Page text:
Sunday, February 27, 2011

In Defense of Reactionaries

Fresh Fish
Fresh Fish, Helsinki, 2003

Political ferment isn't just restricted to the Arab world. There's a great malaise in the air, and it's manifesting in all kinds of ways, all over the place. In Finland, it's taken the form of a populist reactionary party. They call themselves Perussuomalaiset, which could be translated to Ordinary Finns, or Regular Finns, or Basic Finns.

The PerSut are led by a guy called Timo Soini. He's rotund, cheerful, a great talker, and quite sharp. The latest polls have pushed it into the top four parties in the country, each with around 20% support. Traditionally, our politics have been dominated by the Social Democrats, the Centrists (sort of like the German Christian Democrats), and the Conservatives. Now there are four, and it's even possible that Timo Soini might be our next prime minister.

I just checked out their electoral platform. Not much there to check, actually. It boils down to turning back the clock about 30 years but keeping all the good stuff since then. Long on gripes and discontent, short on detail. Your predictable mix of nostalgia, xeno- and homophobia, backwoods patriotism, that sort of thing. It would be very easy to poke fun at it. Lots of people already do, so I won't join that party.

The thing is, there's a reason for the PerSut. They didn't appear from nowhere, suddenly appealing to our basest tribal instincts or such. They express a very real discontent with our political system.

Finland consistently comes up near the top in all kinds of global good-governance lists. According to them, we among the least corrupt countries in the world, with among the highest media freedom, highest happiness, and so on and so forth. And you know what? Our system stinks too.

Our political class loves backroom deals and mutual backscratching just as much as anyone else. Our previous prime minister's idea of political discourse was that matters that haven't been decided yet shouldn't be discussed in public. There's a massive slow-motion scandal ongoing that's revealed how political parties finance their electioneering by circulating money in all kinds of shady ways. I mean sure, the scale isn't the same as in many other countries—we're talking tens of thousands of euros instead of tens of millions—but it's the same kind of show. A cynical way of looking at it is that our politicians are just that much cheaper.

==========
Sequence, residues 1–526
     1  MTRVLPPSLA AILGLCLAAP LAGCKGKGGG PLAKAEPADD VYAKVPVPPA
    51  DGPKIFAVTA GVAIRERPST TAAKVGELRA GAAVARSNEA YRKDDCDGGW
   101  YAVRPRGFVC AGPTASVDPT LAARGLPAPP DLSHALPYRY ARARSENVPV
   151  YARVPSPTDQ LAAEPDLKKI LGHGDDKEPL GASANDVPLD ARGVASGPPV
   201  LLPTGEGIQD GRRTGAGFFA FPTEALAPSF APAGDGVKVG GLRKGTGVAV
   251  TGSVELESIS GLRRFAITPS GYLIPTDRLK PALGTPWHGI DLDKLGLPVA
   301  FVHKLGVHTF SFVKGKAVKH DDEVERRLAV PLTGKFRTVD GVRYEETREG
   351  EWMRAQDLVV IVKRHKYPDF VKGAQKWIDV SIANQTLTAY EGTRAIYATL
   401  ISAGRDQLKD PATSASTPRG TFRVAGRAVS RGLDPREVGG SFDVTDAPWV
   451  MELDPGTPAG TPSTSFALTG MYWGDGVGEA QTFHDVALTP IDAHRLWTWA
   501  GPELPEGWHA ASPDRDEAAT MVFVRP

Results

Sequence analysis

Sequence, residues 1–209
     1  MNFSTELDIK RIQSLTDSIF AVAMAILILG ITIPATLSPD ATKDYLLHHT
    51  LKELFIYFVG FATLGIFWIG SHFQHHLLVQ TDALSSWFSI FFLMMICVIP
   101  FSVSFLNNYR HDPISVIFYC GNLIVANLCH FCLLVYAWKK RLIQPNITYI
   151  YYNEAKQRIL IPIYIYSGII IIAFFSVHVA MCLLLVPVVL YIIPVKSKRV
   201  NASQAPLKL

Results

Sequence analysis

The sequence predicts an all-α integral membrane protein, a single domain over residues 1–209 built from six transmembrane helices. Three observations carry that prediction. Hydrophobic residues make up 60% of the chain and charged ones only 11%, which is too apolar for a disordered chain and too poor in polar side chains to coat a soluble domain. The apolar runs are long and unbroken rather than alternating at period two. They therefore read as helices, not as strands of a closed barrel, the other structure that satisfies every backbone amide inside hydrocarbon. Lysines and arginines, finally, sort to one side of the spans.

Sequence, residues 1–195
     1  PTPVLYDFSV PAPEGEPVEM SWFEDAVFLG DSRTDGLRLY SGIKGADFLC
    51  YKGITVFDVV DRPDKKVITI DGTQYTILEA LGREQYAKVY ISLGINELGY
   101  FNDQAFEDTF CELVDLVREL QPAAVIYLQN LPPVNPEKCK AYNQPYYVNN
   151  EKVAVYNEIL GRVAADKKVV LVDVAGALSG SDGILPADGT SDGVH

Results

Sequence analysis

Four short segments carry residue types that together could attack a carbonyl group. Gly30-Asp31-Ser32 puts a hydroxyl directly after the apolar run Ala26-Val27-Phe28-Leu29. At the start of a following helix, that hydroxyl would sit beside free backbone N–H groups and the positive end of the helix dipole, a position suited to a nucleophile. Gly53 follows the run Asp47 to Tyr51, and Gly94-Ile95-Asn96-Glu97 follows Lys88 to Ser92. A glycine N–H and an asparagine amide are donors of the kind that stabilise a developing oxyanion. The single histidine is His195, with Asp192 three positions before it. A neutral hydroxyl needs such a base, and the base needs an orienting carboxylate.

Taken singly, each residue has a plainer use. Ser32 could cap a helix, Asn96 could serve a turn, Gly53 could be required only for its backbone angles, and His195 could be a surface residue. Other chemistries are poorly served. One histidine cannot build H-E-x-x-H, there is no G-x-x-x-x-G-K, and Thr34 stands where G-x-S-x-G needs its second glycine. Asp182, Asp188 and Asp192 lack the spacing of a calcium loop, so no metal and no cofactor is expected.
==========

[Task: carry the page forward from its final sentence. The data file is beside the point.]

Since our previous economic nightmare in the early 1990's, we've built a new country. Globalized. Networked. Big on information technology. Reliant on a comprehensively-educated workforce. Non-bureaucratic. Agile. In many ways, it's worked. We're more prosperous than ever. Our young people have more opportunities all over the world than ever, if they have the initiative to take advantage of them. We weathered the great 2008 economic crash pretty well, considering. We even won the Eurovision song contest once, dammit. Helsinki is a lot nicer place to live now than it used to be. Plenty of good restaurants with all kinds of international cuisine, lots of stuff going on. It used to feel like a Russian provincial capital; now it feels almost like a city.

But we've left people behind. They're the ones voting for PerSut.

When I was a kid, there were some pretty clear expectations for how your life would turn out. There were a couple of relatively straightforward trajectories to choose from. One such trajectory goes something like this.

You go to school. At the age of 16, when you come out our world-famous primary education system, you pick a trade and go to vocational school. By 19 or 20, you have a trade. If you're a guy, you do your military service. Then you get a job at the paper mill, or the machine shop, or the shipyard, or wherever. You get married, have a couple of kids and a Labrador, buy a Volvo and a little house, work until you're 65, take a nice vacation in Torremolinos every year, maybe get a summer cabin and a boat while you're at it, retire, enjoy about 15-20 years of that, die, and get buried in the churchyard.

This didn't pan out.

Most of these people do have jobs, for sure. Our unemployment numbers aren't particularly bad. What they don't have is the story they were building their lives around. So they haven't been laid off, but they might be, any day now. The house they wanted to buy is suddenly out-of-reach expensive, or the one they bought has suddenly tanked in value, or developed a mold problem, or something else. The old certainties are gone, and nobody helped them deal with that. Instead, the politicians have been beaming with their radiator-grille smiles (thinking of you here, Alexander Stubb) and building a brave new Europe where Finland is just a little backwoods somewhere. They've lost control of their lives, and nobody's been listening.

So we get the PerSut—an angry coalition of disillusioned trade unionists abandoned by the Social Democrats, of small entrepreneurs left behind by the Conservatives, of working-class men—mostly, men—feeling useless, with no prospects, and no control over their destiny.

I don't think the PerSut are going to last. Not in a recognizable form anyway. There are too many divergent streams in it to make a functional political party—the small entrepeneurs and the trade unionists are at odds about pretty fundamental stuff, for example, and compromise isn't a strong point of PerSu activists and supporters, which is why they're PerSu in the first place. They are, however, going to make a big splash in the upcoming parliamentary elections. After that, they'll get a shot at real participation in governance. We have pretty robust institutions. I don't think they'll be able to do much damage to them.